In general, the specification of all of this within the order has been relatively recent, and directly associated with widespread CPOE. With CPOE they click a box that includes the pharmacy-related specifications in addition to the med/dose/frequency/route. And that is why that is now what you see when you are looking at an EMR/EMAR, which is what it sounds like your training involved.

No it has not always been that the doctor needed write all of this out as part of ordering a medication itself. That is because the labeling (I.e. package insert) has included this information and if it was not known to staff then it was available to the pharmacist.

 

TheMoonisMyLantern, ADN, LPN, RN

Specializes in Mental health, substance abuse, geriatrics, PCU. Has 14 years experience.

Typically vials of IV medication come in a small individual box that has an insert that will tell you what fluid to use to reconstitute the medication. Usually the choice comes down to a 50mL bag or a 100mL bag of either saline or dextrose whatever your employer orders.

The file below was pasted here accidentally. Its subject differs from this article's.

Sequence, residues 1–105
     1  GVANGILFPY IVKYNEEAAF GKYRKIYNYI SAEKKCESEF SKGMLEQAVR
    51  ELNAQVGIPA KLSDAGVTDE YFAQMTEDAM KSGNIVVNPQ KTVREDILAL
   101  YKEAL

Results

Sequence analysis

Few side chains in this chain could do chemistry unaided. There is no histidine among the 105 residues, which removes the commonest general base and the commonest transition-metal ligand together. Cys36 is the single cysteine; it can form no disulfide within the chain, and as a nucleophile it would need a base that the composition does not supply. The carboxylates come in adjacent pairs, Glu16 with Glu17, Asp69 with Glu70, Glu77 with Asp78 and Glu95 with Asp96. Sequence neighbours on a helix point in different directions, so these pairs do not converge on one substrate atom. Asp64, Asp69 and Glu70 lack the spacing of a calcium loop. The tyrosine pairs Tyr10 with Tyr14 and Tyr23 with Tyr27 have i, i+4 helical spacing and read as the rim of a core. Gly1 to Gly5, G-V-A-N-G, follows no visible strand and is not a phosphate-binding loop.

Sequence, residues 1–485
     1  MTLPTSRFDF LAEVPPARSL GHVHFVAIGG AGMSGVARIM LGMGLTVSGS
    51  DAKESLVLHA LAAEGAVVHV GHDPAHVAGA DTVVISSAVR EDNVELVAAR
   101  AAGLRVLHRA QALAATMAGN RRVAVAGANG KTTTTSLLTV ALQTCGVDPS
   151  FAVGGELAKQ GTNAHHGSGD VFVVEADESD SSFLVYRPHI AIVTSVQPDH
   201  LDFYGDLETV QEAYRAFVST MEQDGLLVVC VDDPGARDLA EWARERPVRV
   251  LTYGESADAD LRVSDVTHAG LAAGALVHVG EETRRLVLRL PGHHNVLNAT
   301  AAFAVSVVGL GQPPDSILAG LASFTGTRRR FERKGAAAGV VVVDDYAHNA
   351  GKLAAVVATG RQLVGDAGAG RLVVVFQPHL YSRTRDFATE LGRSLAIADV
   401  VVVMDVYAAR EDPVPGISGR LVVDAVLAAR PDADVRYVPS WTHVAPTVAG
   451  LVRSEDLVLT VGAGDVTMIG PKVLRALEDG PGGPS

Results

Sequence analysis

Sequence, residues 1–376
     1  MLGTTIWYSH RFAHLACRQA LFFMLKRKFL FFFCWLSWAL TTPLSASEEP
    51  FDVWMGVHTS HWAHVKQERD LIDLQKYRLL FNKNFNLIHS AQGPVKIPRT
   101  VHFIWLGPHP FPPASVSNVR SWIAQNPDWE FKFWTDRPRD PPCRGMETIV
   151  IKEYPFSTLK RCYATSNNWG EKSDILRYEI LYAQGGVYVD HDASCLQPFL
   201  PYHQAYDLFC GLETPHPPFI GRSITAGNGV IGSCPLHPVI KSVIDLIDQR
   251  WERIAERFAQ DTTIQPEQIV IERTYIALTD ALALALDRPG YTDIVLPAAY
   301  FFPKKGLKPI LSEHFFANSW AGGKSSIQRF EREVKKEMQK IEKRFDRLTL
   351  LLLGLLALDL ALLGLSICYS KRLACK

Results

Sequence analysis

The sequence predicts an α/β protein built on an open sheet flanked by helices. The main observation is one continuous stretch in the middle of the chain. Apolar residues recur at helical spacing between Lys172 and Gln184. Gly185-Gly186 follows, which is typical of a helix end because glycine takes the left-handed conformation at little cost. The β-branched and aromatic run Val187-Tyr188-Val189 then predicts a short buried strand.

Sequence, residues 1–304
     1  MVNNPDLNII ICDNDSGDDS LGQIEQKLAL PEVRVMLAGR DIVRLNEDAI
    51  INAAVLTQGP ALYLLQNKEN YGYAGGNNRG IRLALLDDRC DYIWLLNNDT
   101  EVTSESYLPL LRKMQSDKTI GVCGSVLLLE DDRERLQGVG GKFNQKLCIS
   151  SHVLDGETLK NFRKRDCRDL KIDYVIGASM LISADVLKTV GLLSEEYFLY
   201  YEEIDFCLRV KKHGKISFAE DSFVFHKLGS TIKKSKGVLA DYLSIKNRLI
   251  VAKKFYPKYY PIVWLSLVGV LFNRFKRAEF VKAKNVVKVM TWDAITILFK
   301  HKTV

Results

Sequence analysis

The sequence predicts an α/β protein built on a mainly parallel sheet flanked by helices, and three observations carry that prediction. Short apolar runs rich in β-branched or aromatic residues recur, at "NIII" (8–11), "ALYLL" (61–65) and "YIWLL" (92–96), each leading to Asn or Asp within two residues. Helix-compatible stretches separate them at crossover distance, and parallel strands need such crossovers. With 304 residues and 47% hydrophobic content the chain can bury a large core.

lincoln77, RN

Specializes in Corrections/psych. Has 9 years experience.

12 hours ago, JKL33 said:

In general, the specification of all of this within the order has been relatively recent, and directly associated with widespread CPOE. With CPOE they click a box that includes the pharmacy-related specifications in addition to the med/dose/frequency/route. And that is why that is now what you see when you are looking at an EMR/EMAR, which is what it sounds like your training involved.

No it has not always been that the doctor needed write all of this out as part of ordering a medication itself. That is because the labeling (I.e. package insert) has included this information and if it was not known to staff then it was available to the pharmacist.

 

Thanks for this response. This is what I suspected but wasn't sure.